All digital cameras offer you several choices as to how the meter reads light. They are: evaluative for Canon cameras (or matrix for Nikon cameras), spot, partial, and average or center weighted. How do you know which one to use?
Sunlight & Shadow - Rajasthan, India
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Evaluative (matrix): This is the most accurate method of interpreting the light in a scene. The viewfinder is divided into sections, and each section is assigned a level of importance with the center sections being the most important.
Spot: The center 3% to 5% of the viewfinder is the only area the meter uses to read the light. You can use this when you photograph someone standing in front of a bright window or when a performer on stage is lit by a spot light and the background is very dark. The "Sunlight & Shadow" photo would be a lighting situation where you could take a spot reading on the women so the meter wasn't influenced by the bright sun. You would then lock the exposure in place with AE lock, recompose, and shoot.
Partial: The meter reads the center 9% of the viewfinder.
Average (center-weighted): The entire viewfinder is considered by the meter, but the center is given a little more importance.
Since I bought my first high-end digital camera in 2005, I have only used one metering mode: evaluative. I never take the camera off this mode. Obviously, I have encountered thousands of exposure situations that are challenging, so let me explain my rationale for doing this.
- First, I try to minimize the camera adjustments because this saves time. Fiddling with camera controls while colorful festival dancers are performing, like in "Dancers, Papua New Guinea," means I may very well miss a great photograph. The same is true when photographing children with quickly changing expressions, sports, birds, and so many other subjects.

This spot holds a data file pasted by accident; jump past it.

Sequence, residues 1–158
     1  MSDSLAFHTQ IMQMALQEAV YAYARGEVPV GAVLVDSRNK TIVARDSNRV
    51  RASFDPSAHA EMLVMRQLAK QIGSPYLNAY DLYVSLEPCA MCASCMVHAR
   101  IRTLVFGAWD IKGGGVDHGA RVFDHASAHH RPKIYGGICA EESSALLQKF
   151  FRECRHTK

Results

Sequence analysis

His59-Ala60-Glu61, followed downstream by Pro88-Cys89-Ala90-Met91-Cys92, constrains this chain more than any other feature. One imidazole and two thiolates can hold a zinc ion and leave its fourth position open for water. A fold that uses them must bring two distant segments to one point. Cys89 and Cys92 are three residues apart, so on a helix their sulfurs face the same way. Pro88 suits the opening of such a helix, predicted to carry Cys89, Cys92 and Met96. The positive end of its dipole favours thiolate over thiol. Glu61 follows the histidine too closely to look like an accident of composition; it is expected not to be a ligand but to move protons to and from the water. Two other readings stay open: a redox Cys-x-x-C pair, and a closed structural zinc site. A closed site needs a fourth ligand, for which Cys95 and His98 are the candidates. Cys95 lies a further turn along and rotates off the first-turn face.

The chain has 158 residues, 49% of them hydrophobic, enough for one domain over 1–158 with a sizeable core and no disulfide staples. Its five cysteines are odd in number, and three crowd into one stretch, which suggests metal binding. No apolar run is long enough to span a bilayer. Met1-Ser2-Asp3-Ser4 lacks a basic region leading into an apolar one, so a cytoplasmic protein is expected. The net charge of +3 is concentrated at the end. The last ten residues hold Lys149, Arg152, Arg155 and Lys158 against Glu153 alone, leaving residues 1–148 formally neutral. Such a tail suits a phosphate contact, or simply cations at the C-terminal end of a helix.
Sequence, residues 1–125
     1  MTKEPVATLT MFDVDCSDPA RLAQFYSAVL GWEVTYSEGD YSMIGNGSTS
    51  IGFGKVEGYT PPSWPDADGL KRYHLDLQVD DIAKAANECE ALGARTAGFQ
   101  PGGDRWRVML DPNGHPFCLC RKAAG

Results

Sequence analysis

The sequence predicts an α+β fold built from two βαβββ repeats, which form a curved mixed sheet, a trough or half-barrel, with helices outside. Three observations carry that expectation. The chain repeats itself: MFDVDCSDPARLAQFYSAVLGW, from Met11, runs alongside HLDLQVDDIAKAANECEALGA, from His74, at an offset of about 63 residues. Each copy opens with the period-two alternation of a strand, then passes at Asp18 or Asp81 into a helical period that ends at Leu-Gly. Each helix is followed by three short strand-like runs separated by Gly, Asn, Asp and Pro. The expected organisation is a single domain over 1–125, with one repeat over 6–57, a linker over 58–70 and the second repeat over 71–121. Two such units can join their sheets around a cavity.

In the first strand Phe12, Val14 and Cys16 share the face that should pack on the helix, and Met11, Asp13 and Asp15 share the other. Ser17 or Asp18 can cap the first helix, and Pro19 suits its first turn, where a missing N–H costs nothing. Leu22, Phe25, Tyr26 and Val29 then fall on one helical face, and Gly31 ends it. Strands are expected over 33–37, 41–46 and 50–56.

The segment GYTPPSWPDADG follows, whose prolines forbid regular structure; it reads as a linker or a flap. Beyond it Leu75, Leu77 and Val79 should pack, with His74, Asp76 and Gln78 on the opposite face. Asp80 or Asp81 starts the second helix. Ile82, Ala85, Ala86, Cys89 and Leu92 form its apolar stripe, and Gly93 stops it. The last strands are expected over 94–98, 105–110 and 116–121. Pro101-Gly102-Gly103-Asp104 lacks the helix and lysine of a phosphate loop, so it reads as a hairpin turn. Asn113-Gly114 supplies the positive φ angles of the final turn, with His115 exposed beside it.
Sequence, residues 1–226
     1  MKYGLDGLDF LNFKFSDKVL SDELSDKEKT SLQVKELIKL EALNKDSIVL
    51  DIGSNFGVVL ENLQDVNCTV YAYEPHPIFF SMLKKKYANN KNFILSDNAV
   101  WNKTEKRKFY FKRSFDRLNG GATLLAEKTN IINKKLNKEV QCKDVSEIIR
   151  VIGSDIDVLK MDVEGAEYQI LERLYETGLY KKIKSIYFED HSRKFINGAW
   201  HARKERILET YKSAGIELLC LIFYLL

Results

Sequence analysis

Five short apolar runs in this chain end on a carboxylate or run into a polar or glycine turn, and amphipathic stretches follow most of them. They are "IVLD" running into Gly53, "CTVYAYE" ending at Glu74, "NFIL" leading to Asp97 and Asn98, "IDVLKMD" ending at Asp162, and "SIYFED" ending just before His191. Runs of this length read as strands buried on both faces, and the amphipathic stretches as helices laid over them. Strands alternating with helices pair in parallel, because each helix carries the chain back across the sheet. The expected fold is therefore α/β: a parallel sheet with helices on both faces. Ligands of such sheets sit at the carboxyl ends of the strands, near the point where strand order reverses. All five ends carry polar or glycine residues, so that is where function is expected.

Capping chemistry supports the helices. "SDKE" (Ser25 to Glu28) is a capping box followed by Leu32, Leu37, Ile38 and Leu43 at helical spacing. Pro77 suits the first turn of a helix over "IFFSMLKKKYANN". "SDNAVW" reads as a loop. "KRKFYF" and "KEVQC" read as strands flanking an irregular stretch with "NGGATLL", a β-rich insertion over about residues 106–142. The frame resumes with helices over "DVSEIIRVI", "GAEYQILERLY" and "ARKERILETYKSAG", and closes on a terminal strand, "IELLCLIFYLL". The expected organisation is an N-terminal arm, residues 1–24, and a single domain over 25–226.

- Second, I check the LCD monitor on the back of the camera constantly to make sure my exposures are correct. If they are not, I use the exposure compensation feature to tweak them in 1/3 f/stop increments. In this way, I can make imperfect exposures perfect very quickly. And, there is no guesswork.
- Third, with the ability to adjust the exposure in post-processing, my exposures can be off somewhat but I know I can correct them to a large degree after-the-fact. In fast-changing situations, I feel I need to get the picture and then, if necessary, modify it later.
- Fourth, even if I choose another metering mode, it's only an educated guess as to the results. I would still have to study the LCD to see if the exposures were good. I may still have to tweak the results with the exposure compensation feature. I would much rather save the step of changing the metering mode in lieu of speed - getting the shot - and then dealing with the exposure when I had the time during post-processing.
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